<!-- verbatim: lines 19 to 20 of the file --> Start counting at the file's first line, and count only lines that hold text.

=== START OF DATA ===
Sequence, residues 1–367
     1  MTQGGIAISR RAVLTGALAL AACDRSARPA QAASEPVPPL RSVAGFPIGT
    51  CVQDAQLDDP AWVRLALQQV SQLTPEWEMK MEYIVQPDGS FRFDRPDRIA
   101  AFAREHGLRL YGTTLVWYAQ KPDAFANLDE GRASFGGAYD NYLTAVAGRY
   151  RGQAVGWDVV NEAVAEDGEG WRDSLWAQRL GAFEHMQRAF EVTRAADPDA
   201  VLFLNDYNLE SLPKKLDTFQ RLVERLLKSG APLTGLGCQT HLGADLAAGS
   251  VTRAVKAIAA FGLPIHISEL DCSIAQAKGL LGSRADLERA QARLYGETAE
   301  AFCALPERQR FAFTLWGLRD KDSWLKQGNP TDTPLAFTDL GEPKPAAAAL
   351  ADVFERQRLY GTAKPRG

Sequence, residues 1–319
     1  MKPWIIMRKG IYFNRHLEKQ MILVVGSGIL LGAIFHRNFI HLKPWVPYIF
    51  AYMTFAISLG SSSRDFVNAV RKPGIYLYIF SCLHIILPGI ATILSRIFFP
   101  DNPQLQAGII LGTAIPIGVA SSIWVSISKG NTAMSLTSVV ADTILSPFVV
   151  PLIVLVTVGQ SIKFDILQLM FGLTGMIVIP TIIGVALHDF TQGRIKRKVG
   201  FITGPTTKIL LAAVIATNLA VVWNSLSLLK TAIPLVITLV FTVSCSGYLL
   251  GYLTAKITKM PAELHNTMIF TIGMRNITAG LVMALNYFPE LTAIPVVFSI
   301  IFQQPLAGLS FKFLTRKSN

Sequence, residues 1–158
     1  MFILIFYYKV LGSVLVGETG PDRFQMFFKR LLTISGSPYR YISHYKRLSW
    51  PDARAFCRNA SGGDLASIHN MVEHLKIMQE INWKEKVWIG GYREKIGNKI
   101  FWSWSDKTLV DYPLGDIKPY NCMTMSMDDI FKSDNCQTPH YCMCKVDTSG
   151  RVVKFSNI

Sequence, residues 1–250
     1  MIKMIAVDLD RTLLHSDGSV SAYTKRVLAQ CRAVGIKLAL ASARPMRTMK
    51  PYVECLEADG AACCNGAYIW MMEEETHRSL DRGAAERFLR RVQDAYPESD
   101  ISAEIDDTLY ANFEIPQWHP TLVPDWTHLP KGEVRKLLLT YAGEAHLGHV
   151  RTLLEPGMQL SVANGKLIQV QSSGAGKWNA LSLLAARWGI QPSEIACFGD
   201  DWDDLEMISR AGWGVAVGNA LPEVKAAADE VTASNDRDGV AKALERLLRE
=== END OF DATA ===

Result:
     1  MFILIFYYKV LGSVLVGETG PDRFQMFFKR LLTISGSPYR YISHYKRLSW
    51  PDARAFCRNA SGGDLASIHN MVEHLKIMQE INWKEKVWIG GYREKIGNKI